Early Childhood Education
“The achievement gap can be considerably minimized with exposure to high-quality pre-kindergarten.”
Closing Achievement Gaps: Future of Children Policy Brief, Spring 2005
The achievement gap refers to a significant disparity in educational success between groups of children: lowincome and minority children as compared to higher-income and non-minority children. The achievement gap exists when children enter kindergarten. Current educational policy has focused on measures in K-12 education to alleviate the achievement gap such as high curriculum standards, reduced class sizes, higher teacher quality, and test-based accountability. However, the achievement gap continues to persist. On a national level, the National Assessment of Educational Progress’ National Report Card shows that white and high-income children have consistently outperformed minority and low-income children on math and reading tests from 1992 to 2005.1 Research demonstrates that high-quality pre-kindergarten and full-day kindergarten are promising strategies to reduce this achievement gap in order to improve student achievement, reduce remedial education costs, strengthen schools, and increase district performance.
The Key to Closing the Achievement Gap is Closing the Readiness Gap
The latest research shows that the achievement gap has deep roots that begin long before school entry.2 Forty-six percent of kindergarten teachers report that over half of the children in their classrooms have problems following directions and working in a group.3 Children from lowincome families score lower on academic tests prior to kindergarten than children from high-income families.4 Similarly, minority children, who are three times more likely than their peers to grow up in poverty5, score lower on academic tests prior to kindergarten than their peers. In addition, low-income children are more likely to face environmental and health risk factors which present obstacles to school readiness.6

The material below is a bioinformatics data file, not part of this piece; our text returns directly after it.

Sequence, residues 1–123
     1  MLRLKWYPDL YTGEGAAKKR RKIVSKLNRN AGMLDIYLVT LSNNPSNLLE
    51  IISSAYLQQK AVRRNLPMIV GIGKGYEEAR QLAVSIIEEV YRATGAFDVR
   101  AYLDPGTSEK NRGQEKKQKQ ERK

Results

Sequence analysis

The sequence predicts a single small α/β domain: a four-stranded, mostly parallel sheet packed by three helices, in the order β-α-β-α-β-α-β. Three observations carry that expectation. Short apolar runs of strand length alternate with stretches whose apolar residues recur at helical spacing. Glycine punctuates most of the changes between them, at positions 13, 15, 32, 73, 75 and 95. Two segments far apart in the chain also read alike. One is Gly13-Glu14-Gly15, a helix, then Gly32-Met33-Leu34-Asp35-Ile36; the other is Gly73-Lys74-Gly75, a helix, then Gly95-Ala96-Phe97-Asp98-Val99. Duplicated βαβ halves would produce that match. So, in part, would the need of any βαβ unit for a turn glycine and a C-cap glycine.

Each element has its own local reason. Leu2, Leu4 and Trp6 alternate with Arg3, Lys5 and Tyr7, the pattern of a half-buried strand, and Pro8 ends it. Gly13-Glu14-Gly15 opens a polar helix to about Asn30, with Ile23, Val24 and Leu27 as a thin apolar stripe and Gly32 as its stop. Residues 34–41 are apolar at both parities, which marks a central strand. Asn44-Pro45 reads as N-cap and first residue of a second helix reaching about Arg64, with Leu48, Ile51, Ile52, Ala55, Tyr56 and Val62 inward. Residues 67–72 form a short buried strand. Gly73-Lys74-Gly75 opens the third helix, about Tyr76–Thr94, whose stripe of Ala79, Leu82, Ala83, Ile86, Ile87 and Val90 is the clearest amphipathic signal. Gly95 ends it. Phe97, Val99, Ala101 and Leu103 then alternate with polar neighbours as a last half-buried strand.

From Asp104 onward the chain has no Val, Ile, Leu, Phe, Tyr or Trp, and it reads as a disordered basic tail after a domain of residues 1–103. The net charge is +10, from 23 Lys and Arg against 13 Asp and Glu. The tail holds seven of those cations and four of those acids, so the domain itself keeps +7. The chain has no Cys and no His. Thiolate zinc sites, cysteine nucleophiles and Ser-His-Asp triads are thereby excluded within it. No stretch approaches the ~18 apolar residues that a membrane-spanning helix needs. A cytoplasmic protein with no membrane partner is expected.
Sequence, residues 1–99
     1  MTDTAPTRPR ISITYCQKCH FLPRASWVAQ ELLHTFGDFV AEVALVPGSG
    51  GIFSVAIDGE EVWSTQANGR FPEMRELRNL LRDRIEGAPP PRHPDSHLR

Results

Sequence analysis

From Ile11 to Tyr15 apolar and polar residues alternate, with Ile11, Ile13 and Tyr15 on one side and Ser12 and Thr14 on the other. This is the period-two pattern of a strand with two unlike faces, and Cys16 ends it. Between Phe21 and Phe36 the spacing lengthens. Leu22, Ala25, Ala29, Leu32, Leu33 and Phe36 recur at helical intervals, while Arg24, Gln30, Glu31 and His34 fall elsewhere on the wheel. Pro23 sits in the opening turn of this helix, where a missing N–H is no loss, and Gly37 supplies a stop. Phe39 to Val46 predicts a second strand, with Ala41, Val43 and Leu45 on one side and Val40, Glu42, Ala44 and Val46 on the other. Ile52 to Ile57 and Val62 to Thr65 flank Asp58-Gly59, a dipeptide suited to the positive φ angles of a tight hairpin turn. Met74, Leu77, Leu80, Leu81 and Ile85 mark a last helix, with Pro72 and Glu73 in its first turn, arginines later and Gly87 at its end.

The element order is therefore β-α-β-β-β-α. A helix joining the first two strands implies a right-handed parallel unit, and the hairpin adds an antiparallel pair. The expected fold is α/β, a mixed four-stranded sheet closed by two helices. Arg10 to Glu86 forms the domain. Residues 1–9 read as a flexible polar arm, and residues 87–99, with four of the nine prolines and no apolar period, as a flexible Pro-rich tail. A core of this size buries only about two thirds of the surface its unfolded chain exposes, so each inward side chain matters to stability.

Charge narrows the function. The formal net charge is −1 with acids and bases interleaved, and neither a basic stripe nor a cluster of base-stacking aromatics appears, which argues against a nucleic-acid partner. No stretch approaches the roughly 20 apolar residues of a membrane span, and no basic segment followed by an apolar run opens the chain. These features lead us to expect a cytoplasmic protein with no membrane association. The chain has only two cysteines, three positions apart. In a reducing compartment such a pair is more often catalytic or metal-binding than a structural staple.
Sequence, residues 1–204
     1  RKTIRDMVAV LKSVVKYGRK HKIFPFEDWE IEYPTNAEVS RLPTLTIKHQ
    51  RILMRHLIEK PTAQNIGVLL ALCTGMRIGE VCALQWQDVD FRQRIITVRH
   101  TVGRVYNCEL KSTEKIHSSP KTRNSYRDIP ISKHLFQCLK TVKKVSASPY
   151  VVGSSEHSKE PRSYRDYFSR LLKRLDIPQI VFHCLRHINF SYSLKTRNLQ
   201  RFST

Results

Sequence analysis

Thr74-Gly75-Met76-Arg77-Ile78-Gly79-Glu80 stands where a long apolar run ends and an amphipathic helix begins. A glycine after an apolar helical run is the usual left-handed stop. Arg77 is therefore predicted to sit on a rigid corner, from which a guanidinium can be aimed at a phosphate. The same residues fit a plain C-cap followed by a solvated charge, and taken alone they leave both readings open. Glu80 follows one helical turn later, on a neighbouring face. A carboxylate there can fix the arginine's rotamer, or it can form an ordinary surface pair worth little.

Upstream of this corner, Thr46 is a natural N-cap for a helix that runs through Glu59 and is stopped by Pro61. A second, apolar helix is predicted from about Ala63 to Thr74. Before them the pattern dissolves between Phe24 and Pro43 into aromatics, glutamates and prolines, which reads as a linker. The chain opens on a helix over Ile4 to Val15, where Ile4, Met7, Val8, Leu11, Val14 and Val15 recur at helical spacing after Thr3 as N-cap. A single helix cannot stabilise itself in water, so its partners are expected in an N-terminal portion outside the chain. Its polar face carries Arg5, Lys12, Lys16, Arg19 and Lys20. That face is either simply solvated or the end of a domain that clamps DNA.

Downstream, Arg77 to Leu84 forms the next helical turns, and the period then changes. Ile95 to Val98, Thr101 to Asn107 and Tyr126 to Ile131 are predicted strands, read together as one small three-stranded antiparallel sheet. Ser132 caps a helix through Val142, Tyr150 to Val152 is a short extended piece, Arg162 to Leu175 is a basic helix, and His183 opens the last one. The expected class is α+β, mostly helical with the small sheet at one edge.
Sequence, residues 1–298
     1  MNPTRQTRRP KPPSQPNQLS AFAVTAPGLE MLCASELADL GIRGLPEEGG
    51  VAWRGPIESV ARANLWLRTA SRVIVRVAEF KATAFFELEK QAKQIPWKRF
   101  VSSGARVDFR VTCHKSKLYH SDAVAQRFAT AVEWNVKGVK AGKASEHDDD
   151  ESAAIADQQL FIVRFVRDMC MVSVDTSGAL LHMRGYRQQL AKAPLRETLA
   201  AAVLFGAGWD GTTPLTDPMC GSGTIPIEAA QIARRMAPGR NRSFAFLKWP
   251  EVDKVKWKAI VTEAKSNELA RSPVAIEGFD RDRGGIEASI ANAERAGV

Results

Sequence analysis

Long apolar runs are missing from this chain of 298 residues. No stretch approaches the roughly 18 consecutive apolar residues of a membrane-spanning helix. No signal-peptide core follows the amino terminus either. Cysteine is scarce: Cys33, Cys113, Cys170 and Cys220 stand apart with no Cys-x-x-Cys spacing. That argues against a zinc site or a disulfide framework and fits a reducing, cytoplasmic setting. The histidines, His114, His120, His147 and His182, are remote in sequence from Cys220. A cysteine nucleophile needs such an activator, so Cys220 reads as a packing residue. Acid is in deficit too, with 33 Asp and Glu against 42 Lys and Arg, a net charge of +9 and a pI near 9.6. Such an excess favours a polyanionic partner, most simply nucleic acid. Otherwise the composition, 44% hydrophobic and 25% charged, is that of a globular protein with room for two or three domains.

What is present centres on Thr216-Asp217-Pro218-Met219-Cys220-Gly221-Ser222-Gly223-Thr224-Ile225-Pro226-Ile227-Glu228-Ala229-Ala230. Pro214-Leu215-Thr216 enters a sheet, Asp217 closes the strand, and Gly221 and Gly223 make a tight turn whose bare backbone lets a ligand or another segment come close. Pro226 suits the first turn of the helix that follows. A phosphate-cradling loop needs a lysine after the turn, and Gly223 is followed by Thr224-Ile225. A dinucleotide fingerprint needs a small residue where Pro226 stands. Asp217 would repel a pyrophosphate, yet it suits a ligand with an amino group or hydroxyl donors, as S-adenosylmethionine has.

Research shows that the achievement gap that exists in kindergarten tends to widen through the school years: young children who enter school behind their peers are unlikely to ever catch up7, resulting in a persistent “achievement gap.”
These findings have led many states to focus their efforts to close the achievement gap on investing in high-quality prekindergarten. Currently, three states have universal prekindergarten and 14 states are moving toward it. In FY07, 31 states increased investments in pre-kindergarten education totaling nearly $1 billion.
Early Education Benefits All Children and Helps Narrow the Achievement Gap for Low-Income and Minority Children
Research demonstrates that high-quality early education improves the school readiness of children from all ethnic, racial and economic backgrounds, with disproportionate benefits to low-income and minority children.8 Several studies have found that well-funded, well-designed, and well-staffed pre-kindergarten programs can improve the academic achievement and long-term outcomes of lowincome and minority children.
Reprinted with the permission of the Early Education for All Campaign. © Strategies for Children / Early Education for All. All rights reserved.
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